Parsley Bay has a remarkably rich history, far more than is elucidated here and will doubtless by the subject of future posts. It stayed in private ownership for many years, belonging to the Wentworth family of Vaucluse Estate, but there is evidence that despite this it was a popular place for picnics and outings. Parsley Bay officially became a public recreation reserve in 1907.

The Shoe Shine Boys of Park Street

Park Street Sydney Shoe Shines  Front copy

This week, the Past Present is focussing on a form of employment – a service industry in fact – which was once common in Sydney, but which has all but died out. Once shoe shiners were a common sight in Sydney, as shown in the postcard above of Park Street. The postcard is dated to circa 1915 and shows a row of shoe shiners ready for custom. The area of Park Street shown is uncertain, but is probably in the vicinity of Town Hall and the Queen Victoria Building.

Shoe shining has a surprising history, with shoe polish not really available as a purchasable product until after 1906. Before this, shoe polish was often homemade, using tallow, lanolin or beeswax as a base, and often adding lampblack to provide a colour to the shine. People very rarely shone their own shoes though and gradually a business arose around providing a service to people who wanted a high sheen to their shoes. By the mid 19th century shoe shine boys (not always children, but often adult men) were operating in city streets, particularly around areas of high pedestrian movement (such as stations and public buildings). Using a basic form of shoe polish, a brush and polishing cloth, these boys would set up on the street and provide a shine to the shoes of those passing by, in return for a small fee. In the postcard you can also see many of the shoe shine boxes which were favoured by shoe shiners as they provided the customer a place to rest his foot while the shine was taking place, but also provided storage for the polish and other products needed to produce it.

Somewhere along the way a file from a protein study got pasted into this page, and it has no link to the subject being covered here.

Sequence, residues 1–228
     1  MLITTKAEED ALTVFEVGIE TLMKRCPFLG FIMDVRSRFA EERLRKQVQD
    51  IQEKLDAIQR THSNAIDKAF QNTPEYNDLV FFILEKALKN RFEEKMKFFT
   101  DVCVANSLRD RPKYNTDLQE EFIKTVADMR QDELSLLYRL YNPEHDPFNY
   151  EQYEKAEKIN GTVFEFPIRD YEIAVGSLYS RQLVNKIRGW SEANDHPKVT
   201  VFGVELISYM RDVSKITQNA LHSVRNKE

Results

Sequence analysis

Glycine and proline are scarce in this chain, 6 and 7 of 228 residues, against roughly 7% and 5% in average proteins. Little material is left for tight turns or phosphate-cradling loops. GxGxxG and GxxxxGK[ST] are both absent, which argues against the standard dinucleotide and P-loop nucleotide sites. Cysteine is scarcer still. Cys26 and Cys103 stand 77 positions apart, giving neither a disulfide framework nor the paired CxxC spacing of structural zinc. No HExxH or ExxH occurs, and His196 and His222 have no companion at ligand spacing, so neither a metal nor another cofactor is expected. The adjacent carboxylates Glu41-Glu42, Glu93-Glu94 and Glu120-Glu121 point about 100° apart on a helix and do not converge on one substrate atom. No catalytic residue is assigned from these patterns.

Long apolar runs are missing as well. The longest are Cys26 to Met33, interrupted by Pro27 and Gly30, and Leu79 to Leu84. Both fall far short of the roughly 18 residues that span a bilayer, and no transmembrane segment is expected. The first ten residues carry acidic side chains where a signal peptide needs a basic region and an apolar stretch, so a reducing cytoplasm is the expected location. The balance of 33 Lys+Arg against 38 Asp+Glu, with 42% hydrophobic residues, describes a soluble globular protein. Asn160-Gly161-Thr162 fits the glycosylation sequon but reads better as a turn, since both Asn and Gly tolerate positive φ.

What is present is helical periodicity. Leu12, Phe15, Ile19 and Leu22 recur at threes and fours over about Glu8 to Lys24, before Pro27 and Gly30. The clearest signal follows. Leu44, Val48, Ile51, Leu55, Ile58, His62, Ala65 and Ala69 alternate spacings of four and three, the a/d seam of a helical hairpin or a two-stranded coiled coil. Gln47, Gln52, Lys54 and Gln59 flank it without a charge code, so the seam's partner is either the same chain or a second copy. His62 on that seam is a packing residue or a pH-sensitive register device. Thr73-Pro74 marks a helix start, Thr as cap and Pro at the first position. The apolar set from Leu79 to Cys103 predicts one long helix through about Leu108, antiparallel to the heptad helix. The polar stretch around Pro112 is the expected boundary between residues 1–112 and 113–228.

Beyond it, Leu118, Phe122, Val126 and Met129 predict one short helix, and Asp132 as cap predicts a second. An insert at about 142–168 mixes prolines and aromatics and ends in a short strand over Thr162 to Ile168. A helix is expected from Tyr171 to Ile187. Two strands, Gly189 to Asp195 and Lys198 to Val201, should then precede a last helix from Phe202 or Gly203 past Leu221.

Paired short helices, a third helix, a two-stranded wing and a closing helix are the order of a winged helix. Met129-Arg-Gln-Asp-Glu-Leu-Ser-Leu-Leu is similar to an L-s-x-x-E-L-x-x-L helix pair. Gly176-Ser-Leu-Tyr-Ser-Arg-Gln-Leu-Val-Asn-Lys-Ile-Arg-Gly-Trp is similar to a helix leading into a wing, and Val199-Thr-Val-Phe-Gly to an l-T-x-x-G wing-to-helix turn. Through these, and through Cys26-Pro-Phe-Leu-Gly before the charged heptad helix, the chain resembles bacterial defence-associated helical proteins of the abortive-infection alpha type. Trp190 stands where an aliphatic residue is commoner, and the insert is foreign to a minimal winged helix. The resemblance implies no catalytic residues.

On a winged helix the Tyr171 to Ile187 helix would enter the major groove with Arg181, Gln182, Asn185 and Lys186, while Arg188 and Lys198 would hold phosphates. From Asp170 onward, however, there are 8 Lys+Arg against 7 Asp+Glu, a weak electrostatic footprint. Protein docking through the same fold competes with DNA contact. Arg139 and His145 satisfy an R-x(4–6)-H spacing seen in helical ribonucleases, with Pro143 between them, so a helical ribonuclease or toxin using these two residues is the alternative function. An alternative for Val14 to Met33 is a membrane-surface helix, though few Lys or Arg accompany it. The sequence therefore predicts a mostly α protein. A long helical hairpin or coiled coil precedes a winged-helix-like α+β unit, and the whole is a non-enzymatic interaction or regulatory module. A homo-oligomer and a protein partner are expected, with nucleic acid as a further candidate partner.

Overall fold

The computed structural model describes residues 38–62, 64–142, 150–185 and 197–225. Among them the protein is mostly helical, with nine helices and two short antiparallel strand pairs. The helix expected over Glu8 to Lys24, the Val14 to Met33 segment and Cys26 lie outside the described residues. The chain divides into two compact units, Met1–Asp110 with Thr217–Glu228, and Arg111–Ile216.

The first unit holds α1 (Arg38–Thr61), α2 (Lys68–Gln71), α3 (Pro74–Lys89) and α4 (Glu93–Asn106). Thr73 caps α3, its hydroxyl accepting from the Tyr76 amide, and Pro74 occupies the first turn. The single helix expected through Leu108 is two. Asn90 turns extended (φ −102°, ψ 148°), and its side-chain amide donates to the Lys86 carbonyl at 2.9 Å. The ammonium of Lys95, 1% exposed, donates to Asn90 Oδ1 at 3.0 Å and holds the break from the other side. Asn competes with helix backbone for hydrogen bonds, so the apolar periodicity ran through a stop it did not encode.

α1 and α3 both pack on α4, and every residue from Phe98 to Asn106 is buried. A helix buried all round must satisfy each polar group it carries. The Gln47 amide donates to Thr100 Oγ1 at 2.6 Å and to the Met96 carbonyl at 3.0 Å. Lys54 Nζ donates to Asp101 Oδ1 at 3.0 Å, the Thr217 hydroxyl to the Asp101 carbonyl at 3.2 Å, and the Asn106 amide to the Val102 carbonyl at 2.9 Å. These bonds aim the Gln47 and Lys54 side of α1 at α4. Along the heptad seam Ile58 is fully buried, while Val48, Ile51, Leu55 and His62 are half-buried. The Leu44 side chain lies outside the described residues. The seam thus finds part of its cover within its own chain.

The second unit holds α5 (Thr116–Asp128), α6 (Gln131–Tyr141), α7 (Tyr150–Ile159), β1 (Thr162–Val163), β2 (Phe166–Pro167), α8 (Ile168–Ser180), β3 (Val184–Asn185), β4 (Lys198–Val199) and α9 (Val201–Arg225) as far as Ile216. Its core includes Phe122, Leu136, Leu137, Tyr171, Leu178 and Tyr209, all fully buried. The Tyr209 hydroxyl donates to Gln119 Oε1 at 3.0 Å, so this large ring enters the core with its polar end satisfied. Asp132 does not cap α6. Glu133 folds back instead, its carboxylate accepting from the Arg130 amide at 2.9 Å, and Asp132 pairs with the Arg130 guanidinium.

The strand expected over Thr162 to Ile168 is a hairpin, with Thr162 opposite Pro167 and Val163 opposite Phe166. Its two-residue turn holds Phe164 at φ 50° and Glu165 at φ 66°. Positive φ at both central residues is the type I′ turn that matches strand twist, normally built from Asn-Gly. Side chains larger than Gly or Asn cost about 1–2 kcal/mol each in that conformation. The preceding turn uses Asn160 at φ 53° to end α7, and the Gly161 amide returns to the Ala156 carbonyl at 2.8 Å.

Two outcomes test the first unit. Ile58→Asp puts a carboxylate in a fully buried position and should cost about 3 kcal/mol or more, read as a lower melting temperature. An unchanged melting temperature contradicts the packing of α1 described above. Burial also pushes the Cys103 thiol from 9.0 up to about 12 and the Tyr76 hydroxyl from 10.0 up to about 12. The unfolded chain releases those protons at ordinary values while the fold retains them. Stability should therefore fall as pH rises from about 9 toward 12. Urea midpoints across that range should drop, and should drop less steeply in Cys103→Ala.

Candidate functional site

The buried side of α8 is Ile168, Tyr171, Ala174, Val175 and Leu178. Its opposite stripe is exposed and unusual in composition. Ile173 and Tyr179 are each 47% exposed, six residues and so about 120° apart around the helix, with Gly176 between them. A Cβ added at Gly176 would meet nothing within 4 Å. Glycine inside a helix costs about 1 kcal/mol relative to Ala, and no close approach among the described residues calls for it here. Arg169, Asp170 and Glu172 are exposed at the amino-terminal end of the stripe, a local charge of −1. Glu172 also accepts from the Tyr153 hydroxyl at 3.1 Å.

Pitt Street, All Dressed Up For The Prince Of Wales

Pitt Street Prince Of Wales Celebration Front copy

With the Queen’s Birthday Weekend upon us, The Past Present is focusing on royalty. Australia has been the focus of over 50 Royal visits over the years, most recently of course by Prince William and his family. Although today many Australians increasingly support the idea of a republic, throughout Australia’s European history many other Australians have been enthusiastic supporters and followers of the British Monarchy and happy members of the British Empire. Here we focus on the visit of Edward, The Prince Of Wales to Australia in 1920.

Edward arrived in Australia on April 2nd, 1920, beginning his journey in Victoria. He was representing his father, King George V and had a specific role to play during his visit – he was here to thank Australians for their part in World War One. Australians embraced the Royal Visit with great enthusiasm and enormous crowds greeted the Prince wherever he went. In fact the overwhelming enthusiasm of the crowds, combined with his busy agenda while here, meant that he had to take a week long break from official duties before reaching NSW!

The Prince was very popular with Australians who appreciated his modesty and humour. After being involved in a rail accident (where he was unhurt), he even made light of the situation, thanking officials for arranging a ‘harmless little railway accident’. Edward’s nature and the affection of Australians for the prince won him the nickname ‘digger Prince’, a high compliment from Australians indeed!